Secret Stairway Intrigues Norden House Owners
A secret stairway inside one of Marblehead's oldest houses has its owners and local historians looking for answers.
The space for a secret stairway inside Glover Square's Norden House is something of a local mystery - and even the home's new owners are looking for answers as to exactly what it was used for.
According to archival materials gathered at the Marblehead Museum and Historical Society Tuesday afternoon, the home that Fred and Elise Brink moved into about a year ago was constructed sometime between 1657 and 1686 and ranks among the oldest in Marblehead.
The home's famed owner, Col. Nathaniel Norden, was a loyalist, served as a member of the Board of Selectmen and is said to be the first aristocrat in Marblehead who had a coat of arms, according to the records.
The attic of the dark three-story house is also known to have been the scene of secret masses for local Catholics, who would have had no church of their own to go to.
But why would this secret staircase be located right next to the home's front door?
On a tour of the house Tuesday, Fred Brink was happy to show off the small doorway immediately adjacent to the home's front entrance, which opens through a false wall and into a cavernous space just big enough for a staircase leading all the way to the attic.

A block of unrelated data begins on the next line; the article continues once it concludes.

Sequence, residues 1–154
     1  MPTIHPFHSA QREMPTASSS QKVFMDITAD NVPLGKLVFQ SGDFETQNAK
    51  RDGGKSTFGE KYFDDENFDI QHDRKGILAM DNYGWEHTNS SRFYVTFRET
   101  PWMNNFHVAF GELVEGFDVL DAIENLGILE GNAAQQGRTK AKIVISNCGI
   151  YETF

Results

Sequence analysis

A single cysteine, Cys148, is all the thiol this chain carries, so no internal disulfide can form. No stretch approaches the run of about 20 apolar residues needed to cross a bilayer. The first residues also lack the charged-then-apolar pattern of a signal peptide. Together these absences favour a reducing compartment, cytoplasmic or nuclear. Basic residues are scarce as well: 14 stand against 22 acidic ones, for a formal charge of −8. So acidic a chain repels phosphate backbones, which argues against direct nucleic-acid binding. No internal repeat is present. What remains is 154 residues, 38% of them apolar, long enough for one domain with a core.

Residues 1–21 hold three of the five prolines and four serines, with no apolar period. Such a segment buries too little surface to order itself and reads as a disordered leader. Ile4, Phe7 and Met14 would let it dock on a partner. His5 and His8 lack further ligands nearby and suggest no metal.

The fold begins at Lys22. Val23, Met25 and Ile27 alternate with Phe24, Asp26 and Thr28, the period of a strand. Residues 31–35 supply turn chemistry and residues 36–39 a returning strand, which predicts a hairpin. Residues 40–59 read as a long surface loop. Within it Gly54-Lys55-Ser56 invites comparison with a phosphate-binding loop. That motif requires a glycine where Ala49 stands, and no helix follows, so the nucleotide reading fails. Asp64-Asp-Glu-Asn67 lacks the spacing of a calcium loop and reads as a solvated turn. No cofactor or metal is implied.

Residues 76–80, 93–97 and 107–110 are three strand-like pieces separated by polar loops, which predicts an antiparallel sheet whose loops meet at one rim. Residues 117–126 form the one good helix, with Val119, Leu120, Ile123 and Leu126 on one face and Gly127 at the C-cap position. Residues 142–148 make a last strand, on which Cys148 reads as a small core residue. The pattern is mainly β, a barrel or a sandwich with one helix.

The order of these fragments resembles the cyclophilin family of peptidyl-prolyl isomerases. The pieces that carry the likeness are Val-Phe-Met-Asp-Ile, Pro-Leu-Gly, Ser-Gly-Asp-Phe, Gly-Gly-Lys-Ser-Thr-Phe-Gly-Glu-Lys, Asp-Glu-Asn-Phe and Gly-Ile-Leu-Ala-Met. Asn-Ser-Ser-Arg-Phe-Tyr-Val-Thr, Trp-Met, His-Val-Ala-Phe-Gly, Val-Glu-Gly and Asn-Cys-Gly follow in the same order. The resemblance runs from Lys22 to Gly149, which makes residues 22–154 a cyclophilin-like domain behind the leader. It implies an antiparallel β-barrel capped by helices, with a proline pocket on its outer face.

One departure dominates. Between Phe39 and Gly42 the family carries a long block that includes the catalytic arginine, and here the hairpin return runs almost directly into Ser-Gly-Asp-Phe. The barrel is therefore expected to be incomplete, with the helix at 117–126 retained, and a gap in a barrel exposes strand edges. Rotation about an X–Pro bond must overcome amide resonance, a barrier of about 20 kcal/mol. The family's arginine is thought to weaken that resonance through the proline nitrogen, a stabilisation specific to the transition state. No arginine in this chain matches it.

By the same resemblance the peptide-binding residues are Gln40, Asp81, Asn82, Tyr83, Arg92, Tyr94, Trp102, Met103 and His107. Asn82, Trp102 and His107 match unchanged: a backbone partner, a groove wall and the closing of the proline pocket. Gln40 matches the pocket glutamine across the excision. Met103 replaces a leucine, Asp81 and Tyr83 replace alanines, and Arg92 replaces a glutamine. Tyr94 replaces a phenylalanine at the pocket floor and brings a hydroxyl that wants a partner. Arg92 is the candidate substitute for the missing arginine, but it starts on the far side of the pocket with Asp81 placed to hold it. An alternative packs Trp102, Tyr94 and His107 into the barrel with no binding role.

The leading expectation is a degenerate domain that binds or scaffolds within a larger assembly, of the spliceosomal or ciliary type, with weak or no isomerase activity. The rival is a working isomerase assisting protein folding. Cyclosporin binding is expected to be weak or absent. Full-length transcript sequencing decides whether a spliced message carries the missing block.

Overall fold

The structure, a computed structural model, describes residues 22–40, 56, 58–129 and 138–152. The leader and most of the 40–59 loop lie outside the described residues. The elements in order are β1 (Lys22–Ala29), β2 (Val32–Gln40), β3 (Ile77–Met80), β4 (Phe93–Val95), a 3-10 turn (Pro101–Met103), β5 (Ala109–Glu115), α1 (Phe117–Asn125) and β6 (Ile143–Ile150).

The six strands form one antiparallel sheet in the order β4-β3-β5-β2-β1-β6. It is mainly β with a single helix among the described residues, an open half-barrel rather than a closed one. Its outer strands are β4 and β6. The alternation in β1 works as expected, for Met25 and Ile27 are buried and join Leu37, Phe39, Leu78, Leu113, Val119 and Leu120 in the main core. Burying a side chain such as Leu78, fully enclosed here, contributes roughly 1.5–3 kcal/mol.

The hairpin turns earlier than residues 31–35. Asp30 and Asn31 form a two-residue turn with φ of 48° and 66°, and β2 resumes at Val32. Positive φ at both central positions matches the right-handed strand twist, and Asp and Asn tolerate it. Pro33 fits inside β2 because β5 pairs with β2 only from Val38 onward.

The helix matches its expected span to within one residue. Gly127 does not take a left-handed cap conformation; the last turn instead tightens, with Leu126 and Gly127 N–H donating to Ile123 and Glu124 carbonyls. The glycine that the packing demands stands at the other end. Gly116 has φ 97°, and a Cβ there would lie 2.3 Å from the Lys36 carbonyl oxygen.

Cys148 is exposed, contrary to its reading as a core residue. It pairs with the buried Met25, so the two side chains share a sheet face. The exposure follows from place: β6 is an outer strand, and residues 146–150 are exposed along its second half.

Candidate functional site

Fred Brink has his theories about the passageway - one is that Norden may have planned to expand the house but never needed to because he didn't have any children; another is that it simply provided an alternative way up to the attic; Brink also believes the staircase could have been used as part of The Underground Railroad.
According to a news article published in the Marblehead Messenger in December of 1933, the Norden House's secret stairway wasn't always as readily accessible as it is now. At the time when the article was written, it had reportedly been sealed off.
"There is a secret stairway at the side of the front entry which is now closed. There is a panel at the side that is opened by a secret spring which makes the panel slide back," the article read. "Then one had only to go through the panel to the stairs, slide the panel back and go up to the attic."
The article did reveal some interesting facts about the passageway and how the secret door was activated, but didn't offer any clues as to what it was used for.
Brink said the home's former owner even sought out a historical architect to uncover the staircase's true purpose but was never given a definitive answer.
The answer, it seems, may never be known for sure.